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FIFA 20 reviewed: welcome changes

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The latest entry in EA’s long-running soccer series “FIFA” sports great gameplay and some changes to keep you playing even when the real-life football season is over, writes Bill Chan.

It’s the start of the European football season, that thing we call “soccer”, and that usually means not just a bunch of games to get up for, but a battle between EA and Konami for football supremacy.

As Konami readies its new take on the category, eFootball Pro Evolution Soccer 2020, we’re checking out the release of EA’s latest, FIFA 20.

There’s little doubt that EA has enjoyed being the leader with football gamers for some time, and having most football associations has no doubt helped lend FIFA a certain authenticity to its games. But it’s not all perfect likenesses and accuracy, as that Konami battle means some players you might want to play as won’t be features.

Case in point, Italian powerhouse Juventus are not featured in FIFA 20, having signed an exclusive partnership with Konami. Instead, Juventus has been renamed as Piemonte Calcio, so you can still play FIFA 20 with the likes of Christiano Ronaldo and Paulo Dybala, just under a different name.

Look a little deeper, and you may find that EA has tried to make FIFA 20 a little more interesting than just a roster update, though it has put the cap on the career mode “The Journey”, replacing it with a standard career mode that even includes press conferences.

You’ll still find Champions League and Ultimate Team modes, features that have also helped FIFA fans to continue with the franchise, but with Konami’s Pro Evo following so closely on it tails, EA needs to give FIFA a strong and healthy kick.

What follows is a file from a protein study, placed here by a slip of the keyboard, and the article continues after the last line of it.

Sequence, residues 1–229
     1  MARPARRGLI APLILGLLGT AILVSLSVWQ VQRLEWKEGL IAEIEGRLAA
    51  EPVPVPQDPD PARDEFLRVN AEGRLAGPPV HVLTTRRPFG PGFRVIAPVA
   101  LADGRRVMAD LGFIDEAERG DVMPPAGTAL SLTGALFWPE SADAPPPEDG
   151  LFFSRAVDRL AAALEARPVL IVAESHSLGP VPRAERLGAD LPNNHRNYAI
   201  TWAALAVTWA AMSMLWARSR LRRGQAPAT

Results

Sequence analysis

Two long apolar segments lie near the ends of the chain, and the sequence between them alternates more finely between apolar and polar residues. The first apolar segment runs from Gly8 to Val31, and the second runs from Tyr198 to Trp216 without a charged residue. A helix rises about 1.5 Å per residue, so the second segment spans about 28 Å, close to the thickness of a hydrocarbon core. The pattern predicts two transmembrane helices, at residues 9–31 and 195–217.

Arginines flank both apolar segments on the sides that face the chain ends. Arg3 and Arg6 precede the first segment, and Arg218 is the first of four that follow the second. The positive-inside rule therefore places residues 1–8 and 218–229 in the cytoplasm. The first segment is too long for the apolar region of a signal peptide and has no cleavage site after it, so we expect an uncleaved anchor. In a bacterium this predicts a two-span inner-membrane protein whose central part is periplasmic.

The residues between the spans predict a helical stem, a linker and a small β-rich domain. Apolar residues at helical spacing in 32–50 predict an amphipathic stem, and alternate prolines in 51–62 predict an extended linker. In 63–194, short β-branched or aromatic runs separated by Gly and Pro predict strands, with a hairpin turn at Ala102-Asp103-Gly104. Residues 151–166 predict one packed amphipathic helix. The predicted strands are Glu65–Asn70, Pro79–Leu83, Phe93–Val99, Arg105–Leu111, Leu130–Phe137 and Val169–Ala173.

So how does it play?

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While soccer can be fast and frenetic, there’s an upgraded approach to the gameplay of FIFA 20 that helps the gameplay come off a little slower, but it’s for a good reason.

The slower flow of the game now allows you more time to think about your next pass or run. The frantic pace of previous FIFA games have been long enjoyed, but players have always asked for a more tactical gameplay, which FIFA 20 achieves.

Inside the game, EA says the AI-controlled players on the field operate more like human-controlled players, an awareness to what they’re doing, rather than the typical approach of just having the computer try and steal the ball from you. Games aren’t quite like they used to be, it seems.

This is all a better result for you, and the same is true with the improved physicals of the ball, making one-on-one situations feel that much more real, and showing that FIFA 20 is a big change to the previous incarnations.

Free kicks and penalties have also had a major overhaul, almost going back to the days of using the left stick to target your shot.


Players can also create the perfect curve on these shots to deceive the keeper in-line with the new mechanics. It might seem small, but this is a big difference from its predecessor in FIFA 19, and might take you a few minutes extra to work out. Once mastered, you quickly find yourself hoping for a free kick just outside the box.